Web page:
I’m seeing it everywhere I go.
No time to stop. No time to think. Just get on and do, do, do! And make sure others are doing the same.
In this place your brain is in action mode (distinct from reflection mode). You become more concerned about yourself than others. You lose perspective. It’s hard to see the bigger picture. You don’t think with full capacity because you’re verging on threat state and some parts of your brain aren’t deemed important enough for good blood flow when you’re in that place. More things become a competition than necessary. Frustrations are everywhere. And you’re more likely tip from the edge of “healthy pressure” into unhealthy stress and unhelpful reactions. When that happens you damage relationships, often with those you’re relying on to get your “doing” done.
It’s such a waste of human potential.
Because what I also see is that when people do choose to stop and think, either in 1:1 or group sessions, they can then see clearly. They raise their awareness. And from that position of greater clarity they choose different, more effective, more beneficial actions – and get better results.
And we need to choose it. We need to choose to stop.
The predominant culture in business today is “be busy” – because it makes you look/feel important and successful, because it makes you look/feel needed or wanted, because if you don’t your pay rise / bonus / job / career might be at risk….because if there’s a problem or something goes wrong fingers will be pointed at me because I didn’t look like I was doing anything. I looked like I didn’t have everything under control. I wasn’t dotting every i and crossing every t.
Our need for control makes us think that doing stuff and keeping doing stuff – a lot – is our route to success.
When in fact it’s our route to failure.
When we stop, in reflective mode, we feel more relaxed, our thinking broadens, we see connections, we become more empathetic and therefore able to appreciate and be considerate of others’ perspectives, we’re more flexible, adaptable and resilient to the things that inevitably change the plan along the way.
So ironically, even though we think that ploughing on and getting through the work is THE most important thing and the thing that will get us furthest. If we only stopped for 15 minutes and walked round the block, or went to buy a sandwich outside the building, it would help our heads shift into reflective mode, help us process what we’ve just done, and have us ready for the next chunk of the day.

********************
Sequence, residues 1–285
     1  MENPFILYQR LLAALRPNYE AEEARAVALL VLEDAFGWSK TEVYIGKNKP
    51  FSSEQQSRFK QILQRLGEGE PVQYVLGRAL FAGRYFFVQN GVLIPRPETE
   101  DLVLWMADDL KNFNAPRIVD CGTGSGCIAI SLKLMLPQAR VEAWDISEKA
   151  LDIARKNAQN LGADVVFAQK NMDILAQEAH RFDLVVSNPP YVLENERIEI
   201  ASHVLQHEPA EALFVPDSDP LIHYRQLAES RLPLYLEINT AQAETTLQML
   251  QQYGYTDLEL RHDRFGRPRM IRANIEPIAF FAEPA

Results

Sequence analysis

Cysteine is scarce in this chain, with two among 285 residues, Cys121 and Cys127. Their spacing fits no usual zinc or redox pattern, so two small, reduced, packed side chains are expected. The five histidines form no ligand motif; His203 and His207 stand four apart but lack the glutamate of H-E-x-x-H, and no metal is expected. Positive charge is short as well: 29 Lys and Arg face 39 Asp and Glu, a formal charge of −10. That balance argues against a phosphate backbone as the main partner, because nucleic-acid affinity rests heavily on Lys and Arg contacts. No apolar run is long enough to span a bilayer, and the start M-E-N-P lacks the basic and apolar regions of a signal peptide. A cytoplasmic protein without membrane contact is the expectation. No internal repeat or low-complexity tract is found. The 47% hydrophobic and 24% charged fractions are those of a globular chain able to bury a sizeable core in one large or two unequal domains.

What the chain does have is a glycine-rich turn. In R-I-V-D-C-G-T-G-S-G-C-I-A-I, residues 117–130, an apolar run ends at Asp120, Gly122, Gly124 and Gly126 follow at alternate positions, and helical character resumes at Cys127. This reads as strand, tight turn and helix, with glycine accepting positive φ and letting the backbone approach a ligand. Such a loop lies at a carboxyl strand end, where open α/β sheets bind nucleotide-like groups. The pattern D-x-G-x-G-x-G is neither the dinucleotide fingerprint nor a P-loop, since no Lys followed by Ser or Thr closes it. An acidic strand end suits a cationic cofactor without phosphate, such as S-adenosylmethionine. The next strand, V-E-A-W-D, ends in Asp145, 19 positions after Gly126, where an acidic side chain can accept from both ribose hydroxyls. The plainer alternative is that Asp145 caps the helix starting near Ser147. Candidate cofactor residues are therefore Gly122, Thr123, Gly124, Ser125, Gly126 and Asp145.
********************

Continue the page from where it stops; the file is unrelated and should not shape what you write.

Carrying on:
And beyond that there are so many other ways and times and places you can stop and reflect. The key is for it to become a regular habit. You choose which of these sounds right for you. Give it a try, see if it works, and if not, try something else.
How Often and When:
Daily (tiny version) – if you feel you don’t have time to reflect at all – start small – even just reflecting on #3goodthings every day can start to shift how you feel and think. That only takes a few minutes on your journey home.
Daily (slightly bigger version) – 15 minutes before you’re going to leave – what’s gone well today, what hasn’t, what do I want to do differently tomorrow / next time?
Weekly – Friday before you finish – what’s gone well this week, what’s been challenging, what have I learnt, what’s coming up next week?
Monthly – end of the month – what am I proud of, what’s been difficult, what am I learning from that, what do I want to do with that now?
On your own – on paper, spoken out loud, recorded into your phone
With a colleague who’d also like to experiment with this, talk and process out loud while the other listens, then swap
Work with a coach* – protected thinking time with someone who’s entirely on your side, usually up to two hours, for in-depth reflection. Probably focussed on a particular aspect of your life – maybe something that’s showing up as a pattern for you and which is becoming a hindrance.
Ideally outside amongst trees and greenery – nature has a positive effect on how we feel!
If not then somewhere as comfy and relaxing as possible – maybe a coffee shop or quieter work area
Or just at your desk, on the sofa…. you choose.
Try some options. See what works for you. Form a habit you feel you can stick to. Some reflecting is better than none.
And see what impact is has on you and those around you.
*Different coaches are different. Talk to a few and choose the one you think will work for you. Coaches are used to this choosing process and good ones will have no problem with you not choosing them.